[I’m counting down to the release of the Brooklyn Spaces book by doing one mini-post per day, sharing teasers of some of the places you’ll find in it.]
“Everyone in the neighborhood knows, if you need something, come to FiveMyles,” says Hanne Tierney, founder and artistic director of the Crown Heights gallery, performance venue, and community gathering space. Hanne opened the 1,500-square-foot nonprofit gallery, which is dedicated to showcasing the work of emerging, under-represented, and minority artists, in a former garage in 1999. FiveMyles presents six formal exhibitions each year, and close to half the artists shown are African American. “We’ve always stood with Africa, East Africa in particular,” Hanne says. “And it’s very exciting for the kids in the neighborhood to see contemporary work from Africa.
This year, a 172-unit luxury condo will open two doors down from FiveMyles, which Hanne fears could mark the end for the community. But she continues to fight for her neighbors: screening documentaries, hosting talks, writing letters to Albany about police harassment, and, of course, curating more and more exhibits, showing the work of more and more artists. “Hanne is so important to this community,” says Francelle Jones, whose work has been featured in the gallery. “She brings people together, and she allows people who live in this neighborhood to feel as though they’re still part of something. That’s so important.”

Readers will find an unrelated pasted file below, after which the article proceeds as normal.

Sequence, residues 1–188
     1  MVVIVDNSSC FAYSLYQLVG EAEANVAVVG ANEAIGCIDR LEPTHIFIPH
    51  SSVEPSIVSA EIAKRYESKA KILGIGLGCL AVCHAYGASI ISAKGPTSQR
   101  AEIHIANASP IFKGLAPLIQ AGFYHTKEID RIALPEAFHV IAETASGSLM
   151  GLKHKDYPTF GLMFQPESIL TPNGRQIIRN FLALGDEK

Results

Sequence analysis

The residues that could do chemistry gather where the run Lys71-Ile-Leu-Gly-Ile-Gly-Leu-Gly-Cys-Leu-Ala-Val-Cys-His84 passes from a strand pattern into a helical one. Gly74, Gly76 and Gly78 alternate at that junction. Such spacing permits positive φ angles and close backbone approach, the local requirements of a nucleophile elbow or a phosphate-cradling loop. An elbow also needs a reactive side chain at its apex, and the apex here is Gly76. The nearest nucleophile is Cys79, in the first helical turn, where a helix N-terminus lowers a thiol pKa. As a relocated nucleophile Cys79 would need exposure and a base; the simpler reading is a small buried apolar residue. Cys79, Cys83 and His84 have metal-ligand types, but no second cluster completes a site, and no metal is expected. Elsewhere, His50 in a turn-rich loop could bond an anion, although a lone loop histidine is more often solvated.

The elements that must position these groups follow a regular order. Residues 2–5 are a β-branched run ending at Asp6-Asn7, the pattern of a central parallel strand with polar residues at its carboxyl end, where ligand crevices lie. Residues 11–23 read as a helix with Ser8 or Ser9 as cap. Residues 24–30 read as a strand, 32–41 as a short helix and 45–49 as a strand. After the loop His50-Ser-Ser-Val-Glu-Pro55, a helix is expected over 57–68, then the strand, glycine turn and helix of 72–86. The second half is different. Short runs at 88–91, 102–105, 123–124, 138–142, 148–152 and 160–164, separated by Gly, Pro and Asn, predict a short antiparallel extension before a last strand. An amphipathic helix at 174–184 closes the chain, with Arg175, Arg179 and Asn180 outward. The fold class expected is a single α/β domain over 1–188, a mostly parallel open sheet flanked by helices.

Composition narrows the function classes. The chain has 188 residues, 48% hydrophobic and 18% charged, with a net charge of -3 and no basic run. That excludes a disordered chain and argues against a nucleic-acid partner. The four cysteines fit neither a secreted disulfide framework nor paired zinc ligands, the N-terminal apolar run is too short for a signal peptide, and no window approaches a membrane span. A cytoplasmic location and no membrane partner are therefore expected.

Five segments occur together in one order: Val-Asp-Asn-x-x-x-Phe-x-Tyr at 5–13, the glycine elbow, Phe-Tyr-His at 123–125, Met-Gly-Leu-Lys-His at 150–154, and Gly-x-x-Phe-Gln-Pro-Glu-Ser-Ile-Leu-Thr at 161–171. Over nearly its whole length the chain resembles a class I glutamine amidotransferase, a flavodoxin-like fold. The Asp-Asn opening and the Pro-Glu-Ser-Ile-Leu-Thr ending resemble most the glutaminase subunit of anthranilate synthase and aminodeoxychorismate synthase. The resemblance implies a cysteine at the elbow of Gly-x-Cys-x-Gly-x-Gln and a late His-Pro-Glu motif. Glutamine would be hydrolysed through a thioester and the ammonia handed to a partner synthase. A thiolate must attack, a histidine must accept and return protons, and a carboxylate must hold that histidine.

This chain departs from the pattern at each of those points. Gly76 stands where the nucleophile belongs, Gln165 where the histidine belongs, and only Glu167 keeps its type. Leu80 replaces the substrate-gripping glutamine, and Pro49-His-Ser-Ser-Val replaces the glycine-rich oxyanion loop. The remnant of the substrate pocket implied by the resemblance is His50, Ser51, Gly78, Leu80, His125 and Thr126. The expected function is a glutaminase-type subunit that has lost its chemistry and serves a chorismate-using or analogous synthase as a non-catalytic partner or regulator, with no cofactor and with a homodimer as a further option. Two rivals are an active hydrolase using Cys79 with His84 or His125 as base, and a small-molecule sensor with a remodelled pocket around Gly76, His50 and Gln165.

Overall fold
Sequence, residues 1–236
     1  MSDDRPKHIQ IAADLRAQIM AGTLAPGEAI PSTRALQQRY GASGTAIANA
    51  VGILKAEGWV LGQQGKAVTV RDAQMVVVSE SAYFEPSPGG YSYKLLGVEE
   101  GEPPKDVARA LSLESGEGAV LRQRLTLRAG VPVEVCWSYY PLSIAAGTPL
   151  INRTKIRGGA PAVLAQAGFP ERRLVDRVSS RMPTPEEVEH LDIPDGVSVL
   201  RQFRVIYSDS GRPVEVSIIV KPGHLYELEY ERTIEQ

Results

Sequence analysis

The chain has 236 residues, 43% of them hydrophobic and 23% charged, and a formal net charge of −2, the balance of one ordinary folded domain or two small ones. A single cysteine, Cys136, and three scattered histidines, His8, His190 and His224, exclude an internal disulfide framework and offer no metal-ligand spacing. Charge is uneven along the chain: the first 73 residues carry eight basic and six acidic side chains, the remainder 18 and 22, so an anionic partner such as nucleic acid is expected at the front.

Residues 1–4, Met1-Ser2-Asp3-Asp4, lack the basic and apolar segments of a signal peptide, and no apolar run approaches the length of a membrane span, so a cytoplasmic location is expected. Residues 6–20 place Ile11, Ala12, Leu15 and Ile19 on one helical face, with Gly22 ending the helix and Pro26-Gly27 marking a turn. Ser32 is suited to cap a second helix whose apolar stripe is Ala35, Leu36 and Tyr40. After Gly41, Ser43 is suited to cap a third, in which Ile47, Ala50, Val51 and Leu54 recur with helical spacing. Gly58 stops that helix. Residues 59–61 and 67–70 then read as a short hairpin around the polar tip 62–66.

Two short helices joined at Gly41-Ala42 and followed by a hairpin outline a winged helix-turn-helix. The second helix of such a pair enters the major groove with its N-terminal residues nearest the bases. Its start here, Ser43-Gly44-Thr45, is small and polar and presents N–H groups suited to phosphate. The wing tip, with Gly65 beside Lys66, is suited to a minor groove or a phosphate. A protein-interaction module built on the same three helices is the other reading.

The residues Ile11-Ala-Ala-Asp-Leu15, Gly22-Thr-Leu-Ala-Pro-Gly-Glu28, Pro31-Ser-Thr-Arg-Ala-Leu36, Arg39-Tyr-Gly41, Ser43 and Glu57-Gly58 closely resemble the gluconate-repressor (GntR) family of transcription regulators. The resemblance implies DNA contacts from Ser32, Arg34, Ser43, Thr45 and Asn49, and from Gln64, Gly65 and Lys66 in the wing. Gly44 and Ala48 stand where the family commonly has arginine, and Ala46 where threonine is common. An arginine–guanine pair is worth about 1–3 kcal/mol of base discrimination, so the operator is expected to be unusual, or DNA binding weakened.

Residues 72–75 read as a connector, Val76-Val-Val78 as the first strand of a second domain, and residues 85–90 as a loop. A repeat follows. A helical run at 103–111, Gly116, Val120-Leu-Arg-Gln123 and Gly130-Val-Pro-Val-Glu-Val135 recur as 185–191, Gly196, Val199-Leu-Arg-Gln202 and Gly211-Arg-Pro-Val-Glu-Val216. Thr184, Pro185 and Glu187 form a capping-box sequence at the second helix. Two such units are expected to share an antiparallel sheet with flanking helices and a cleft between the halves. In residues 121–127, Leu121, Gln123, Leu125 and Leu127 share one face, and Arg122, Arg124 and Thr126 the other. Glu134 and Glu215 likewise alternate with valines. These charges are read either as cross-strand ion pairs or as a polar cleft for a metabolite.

Want to learn more about FiceMyles, and 49 other incredible Brooklyn Spaces? Buy the book!